Attention: The three transaction phases which follow explain the internal methods of how Fabric manages transactions. The Fabric Gateway SDKs implement these phases seamlessly; developers only need to use a Gateway SDK (1.x).
Phase 1 - Transaction Proposal and Endorsement¶
Phase 1 of a ledger update (write) consists of transaction proposal submission, execution and endorsement:
a) Transaction proposal — The client application (A1) submits a signed transaction proposal by connecting to the gateway service on P1. A1 must either delegate the selection of endorsing organizations to the gateway service or explicitly identify the organizations required for endorsement.
b) Transaction execution — The gateway service selects P1, or another peer in its organization, to execute the transaction. The selected peer executes the chaincode (S1) specified in the proposal, generates a proposal response (containing the read-write set). The selected peer signs the proposal response and returns it to the gateway.
c) Transaction endorsement — The gateway repeats transaction execution (b) for each organization required by the chaincode (smart contract) endorsement policies. The gateway service collects the signed proposal responses and creates a transaction envelope — which it returns to the client (SDK) for signing.
Phase 2 - Transaction Submission and Ordering¶
Phase 2 of a ledger update consists of transaction submission and ordering into blocks:
a) Transaction submission — The client (SDK) sends the signed transaction envelope to the gateway service. The gateway forwards the envelope to an ordering node and returns a success message to the client.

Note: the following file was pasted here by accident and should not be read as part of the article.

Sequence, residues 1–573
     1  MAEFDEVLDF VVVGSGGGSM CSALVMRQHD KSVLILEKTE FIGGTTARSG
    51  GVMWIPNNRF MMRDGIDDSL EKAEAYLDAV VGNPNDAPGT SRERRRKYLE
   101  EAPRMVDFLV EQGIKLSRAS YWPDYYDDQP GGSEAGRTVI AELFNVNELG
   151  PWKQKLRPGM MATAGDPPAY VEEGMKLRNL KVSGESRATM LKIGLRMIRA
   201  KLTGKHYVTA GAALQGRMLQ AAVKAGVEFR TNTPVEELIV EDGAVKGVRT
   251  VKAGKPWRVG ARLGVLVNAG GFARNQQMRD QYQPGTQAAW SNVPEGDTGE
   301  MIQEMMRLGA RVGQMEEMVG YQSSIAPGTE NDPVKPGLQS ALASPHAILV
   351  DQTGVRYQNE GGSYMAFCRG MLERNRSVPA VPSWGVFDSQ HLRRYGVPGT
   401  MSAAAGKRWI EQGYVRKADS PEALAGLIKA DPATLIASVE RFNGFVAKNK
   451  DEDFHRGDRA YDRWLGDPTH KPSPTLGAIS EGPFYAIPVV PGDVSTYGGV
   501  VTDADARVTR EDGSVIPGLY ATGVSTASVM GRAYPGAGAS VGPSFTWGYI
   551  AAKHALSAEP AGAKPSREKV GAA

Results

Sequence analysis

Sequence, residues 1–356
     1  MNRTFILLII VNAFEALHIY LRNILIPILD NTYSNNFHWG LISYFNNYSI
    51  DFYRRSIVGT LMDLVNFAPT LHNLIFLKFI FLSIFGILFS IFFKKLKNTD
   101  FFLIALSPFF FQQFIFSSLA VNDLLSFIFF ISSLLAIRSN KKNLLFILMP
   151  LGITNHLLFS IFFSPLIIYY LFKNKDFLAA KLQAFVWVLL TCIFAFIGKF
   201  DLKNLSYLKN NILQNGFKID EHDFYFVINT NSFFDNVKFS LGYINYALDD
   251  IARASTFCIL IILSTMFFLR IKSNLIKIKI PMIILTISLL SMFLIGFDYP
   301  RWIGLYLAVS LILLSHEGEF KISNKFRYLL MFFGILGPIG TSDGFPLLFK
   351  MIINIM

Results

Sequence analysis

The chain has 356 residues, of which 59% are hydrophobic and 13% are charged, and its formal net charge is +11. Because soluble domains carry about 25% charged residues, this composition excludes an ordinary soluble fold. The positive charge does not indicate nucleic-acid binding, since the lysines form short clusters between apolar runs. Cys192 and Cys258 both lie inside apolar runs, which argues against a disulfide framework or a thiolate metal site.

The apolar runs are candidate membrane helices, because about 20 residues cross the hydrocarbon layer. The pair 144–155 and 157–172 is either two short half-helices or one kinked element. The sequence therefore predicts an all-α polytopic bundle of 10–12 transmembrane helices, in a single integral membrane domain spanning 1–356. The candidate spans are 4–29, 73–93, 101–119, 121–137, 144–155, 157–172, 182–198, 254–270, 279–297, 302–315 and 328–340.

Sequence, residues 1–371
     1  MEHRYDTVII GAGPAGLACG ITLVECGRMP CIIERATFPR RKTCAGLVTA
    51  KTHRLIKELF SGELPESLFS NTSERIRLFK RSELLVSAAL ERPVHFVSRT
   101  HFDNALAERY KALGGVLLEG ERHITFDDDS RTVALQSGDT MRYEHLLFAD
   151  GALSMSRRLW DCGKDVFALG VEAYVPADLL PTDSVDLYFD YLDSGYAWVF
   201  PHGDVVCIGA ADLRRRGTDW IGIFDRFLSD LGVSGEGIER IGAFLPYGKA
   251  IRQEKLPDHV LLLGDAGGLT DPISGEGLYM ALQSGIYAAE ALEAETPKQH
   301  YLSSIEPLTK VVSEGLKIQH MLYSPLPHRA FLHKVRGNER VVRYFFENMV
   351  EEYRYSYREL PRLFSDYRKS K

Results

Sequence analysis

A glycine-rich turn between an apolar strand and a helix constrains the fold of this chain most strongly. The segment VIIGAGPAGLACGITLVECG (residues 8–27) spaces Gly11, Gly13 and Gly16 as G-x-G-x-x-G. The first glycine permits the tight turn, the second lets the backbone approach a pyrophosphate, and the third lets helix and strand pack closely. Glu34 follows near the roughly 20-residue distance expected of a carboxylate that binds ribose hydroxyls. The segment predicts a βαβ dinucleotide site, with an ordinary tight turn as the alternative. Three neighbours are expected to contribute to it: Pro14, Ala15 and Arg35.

b) Transaction ordering — The ordering node (O1) verifies the signature, and the ordering service orders the transaction, and packages it with other ordered transactions into blocks. The ordering service then distributes the block to all peers in the channel for validation and commitment to the ledger.
Phase 3 - Transaction Validation and Commitment¶
Phase 3 of a ledger update consists of transaction validation, ledger commitment and a commit event:
a) Transaction validation — Each peer checks that the client signature on the transaction envelope matches the signature on the original transaction proposal. Each peer also checks that all read-write sets and status responses are equivalent (i.e. the endorsements from all peers match) and that the endorsements satisfy the endorsement policies. Each peer then marks each transaction as valid or invalid for commitment to the ledger.
b) Transaction commitment — Each peer commits the ordered block of transactions to the channel ledger (L1). The commit is an immutable ledger update (write) to the channel ledger. The world state (essentially, the sum of all valid transactions) of the channel is updated with results of valid transactions only.
c) Commit event — Each peer that commits to the ledger sends the client a commit status event with proof of the ledger update.
Note: Fabric v2.3 SDKs, which embed transaction proposal and endorsement functionality in the client application, remain supported in Fabric v2.4. Refer to the v2.3 Applications and Peers topic for details.